Africa receives a modest share of global FDI yet has the second highest investment growth rate, when compared to other world regions. The industrial sector, construction sector, the services sector, and the agriculture and food industries all compete for market share and growth in a rapidly changing globally connected context. Cities are where the bulk of business contracts are negotiated and signed and profits gained. Cities are where people invest, work and live, and where sustainable investments have the ability to guide future growth.
The newly published The State of African Cities 2018 Report: the geography of African investment, developed by UN-Habitat, Wits University, Erasmus University and the African Development Bank, reveals pioneering work on the geography of foreign direct investment (FDI) flows from world cities to African cities. It is the first international development report to investigate FDI flows at the city level - and explores the networks and clusters of different sectors of investment, the factors which attract it, as well as the impact of FDI on economic growth, employment and wage inequality. The report studies over 20 thematic topics. The session will focus on key findings on ways for Africa’s cities to attract the types of FDI that can support sustainable development.
The focus of FDI at the city level is important considering that by 2030 half of Africa’s population will live in cities, possibly exacerbated by a form of rapid urbanization that is not coupled with matching socially inclusive economic growth. Therefore, investors into African cities can play a critical role in the region’s development, hereby taking into account SDG 11 on Sustainable Cities and Communities, which recognizes the role of cities as productivity hubs that drive growth and attract investment.
The session will start by a short presentation Findings and Discussion on the State of African Cities 2018 Report”, by Stefan Atchia, presenting key findings, challenges and recommendations, followed by a panel discussion and opening the floor for Q & A. The main objective of the session is to highlight and debate the findings of the report and other data on the roles of current FDI flows into African cities – and hereby recommend policy strategies that would suit Africa’s economic, social and environmental sustainability best. The panel members, who represent high level organizations across the continent, will debate on opportunities and challenges faced in attracting FDI into different types and sizes of cities in Africa’s sub-regions in the context of climate resilience and green growth. The session will conclude with a set of five top priorities for cities to act on to attract types of foreign investments that can help push cities towards climate resilient and sustainable development pathways.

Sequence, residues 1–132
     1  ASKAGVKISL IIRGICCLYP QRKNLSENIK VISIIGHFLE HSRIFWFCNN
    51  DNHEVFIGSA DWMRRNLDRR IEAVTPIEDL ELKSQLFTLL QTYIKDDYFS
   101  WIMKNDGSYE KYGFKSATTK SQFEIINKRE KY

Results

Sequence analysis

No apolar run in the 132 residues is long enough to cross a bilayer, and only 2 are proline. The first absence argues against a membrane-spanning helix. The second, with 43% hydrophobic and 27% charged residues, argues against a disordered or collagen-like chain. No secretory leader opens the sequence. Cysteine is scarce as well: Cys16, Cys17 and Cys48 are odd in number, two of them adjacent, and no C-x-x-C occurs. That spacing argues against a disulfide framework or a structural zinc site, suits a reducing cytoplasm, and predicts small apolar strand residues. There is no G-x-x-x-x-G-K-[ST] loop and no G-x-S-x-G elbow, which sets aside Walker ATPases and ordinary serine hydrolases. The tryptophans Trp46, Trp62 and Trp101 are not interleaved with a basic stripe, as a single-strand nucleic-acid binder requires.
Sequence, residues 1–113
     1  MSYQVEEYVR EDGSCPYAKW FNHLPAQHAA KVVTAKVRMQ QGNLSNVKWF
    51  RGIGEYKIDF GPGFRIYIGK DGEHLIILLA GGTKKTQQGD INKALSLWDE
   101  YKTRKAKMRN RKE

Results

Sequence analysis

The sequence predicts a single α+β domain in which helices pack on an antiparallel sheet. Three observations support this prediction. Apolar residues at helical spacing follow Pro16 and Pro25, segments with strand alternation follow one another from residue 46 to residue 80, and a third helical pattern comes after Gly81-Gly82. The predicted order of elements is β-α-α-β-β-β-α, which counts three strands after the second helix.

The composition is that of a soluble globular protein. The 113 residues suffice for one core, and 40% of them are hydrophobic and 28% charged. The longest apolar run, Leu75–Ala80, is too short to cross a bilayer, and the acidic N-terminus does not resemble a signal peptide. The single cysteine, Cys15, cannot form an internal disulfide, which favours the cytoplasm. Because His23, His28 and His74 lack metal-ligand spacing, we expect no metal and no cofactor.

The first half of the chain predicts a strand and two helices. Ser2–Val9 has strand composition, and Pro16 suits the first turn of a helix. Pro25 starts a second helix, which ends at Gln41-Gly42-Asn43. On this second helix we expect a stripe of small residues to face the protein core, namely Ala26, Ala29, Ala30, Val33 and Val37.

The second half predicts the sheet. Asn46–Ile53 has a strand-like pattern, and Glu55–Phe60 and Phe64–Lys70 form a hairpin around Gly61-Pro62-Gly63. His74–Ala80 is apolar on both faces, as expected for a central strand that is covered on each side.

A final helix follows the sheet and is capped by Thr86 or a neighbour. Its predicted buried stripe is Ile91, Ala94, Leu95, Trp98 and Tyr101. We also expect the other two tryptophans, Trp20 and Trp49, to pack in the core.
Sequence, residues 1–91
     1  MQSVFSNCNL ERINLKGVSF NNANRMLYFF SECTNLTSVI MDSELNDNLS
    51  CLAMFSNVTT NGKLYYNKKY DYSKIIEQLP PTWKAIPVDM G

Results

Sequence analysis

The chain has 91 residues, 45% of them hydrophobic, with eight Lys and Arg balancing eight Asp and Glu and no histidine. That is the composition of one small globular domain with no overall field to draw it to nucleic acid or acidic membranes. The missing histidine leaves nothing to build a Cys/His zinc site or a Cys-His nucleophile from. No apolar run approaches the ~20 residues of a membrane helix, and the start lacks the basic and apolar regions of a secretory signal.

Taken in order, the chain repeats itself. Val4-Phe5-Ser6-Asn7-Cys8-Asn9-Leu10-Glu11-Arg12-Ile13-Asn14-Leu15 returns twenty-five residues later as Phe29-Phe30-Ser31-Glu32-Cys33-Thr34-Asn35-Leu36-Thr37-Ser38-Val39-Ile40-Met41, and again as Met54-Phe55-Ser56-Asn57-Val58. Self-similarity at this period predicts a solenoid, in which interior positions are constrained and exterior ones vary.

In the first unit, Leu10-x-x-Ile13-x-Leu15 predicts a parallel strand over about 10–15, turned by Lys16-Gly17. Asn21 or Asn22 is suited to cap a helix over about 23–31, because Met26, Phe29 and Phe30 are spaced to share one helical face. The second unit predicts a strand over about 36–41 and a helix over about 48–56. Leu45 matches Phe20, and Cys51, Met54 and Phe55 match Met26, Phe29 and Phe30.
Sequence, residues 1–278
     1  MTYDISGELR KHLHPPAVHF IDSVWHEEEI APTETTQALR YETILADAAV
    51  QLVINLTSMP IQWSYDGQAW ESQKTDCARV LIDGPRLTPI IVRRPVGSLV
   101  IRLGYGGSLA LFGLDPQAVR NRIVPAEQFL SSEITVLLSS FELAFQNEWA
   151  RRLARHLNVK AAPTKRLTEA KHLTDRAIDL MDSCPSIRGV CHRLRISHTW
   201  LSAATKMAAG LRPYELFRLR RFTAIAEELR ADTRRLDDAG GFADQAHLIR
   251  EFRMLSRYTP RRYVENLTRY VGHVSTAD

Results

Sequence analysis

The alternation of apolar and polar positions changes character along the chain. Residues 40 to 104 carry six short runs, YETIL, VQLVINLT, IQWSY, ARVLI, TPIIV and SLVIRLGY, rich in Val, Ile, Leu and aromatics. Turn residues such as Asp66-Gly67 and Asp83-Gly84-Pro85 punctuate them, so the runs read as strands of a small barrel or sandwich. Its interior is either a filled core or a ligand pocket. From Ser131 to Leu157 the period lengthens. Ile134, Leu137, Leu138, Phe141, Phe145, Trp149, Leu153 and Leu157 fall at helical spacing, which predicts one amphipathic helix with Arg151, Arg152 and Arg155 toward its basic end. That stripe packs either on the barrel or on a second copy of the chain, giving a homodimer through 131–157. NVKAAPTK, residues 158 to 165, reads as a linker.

Mr. Anthony Nyong, Director for Climate Change and Green Growth, African Development Bank
Stefan Atchia, Acting Division Manager, African Development Bank
Mr. Mohamed Nbou, Director of the Environmental Department, Ministry of the Environment of Morocco
Mr. Benoît Bosquet – Director for Environment and Natural Resources Global Practice , World Bank
Mr. Aage Jorgensen, Country Program Officer, Nordic Development Fund
Ms. Shipra Narang Suri, Coordinator, Urban Planning and Design, UN Habitat
This session focuses on a high level panel discussion and exchange with the audience that will lead to guidance for key decision-makers.
1) A 10-minute presentation of report by Stefan Atchia
2) A panel discussion based on the presentation, data and experiences from panellists on what can be done for improved FDI towards climate resiliency in African cities
3) Session conclusion on a list of five priority measures that cities in Africa should focus on to attract more and better FDI in sustainable development.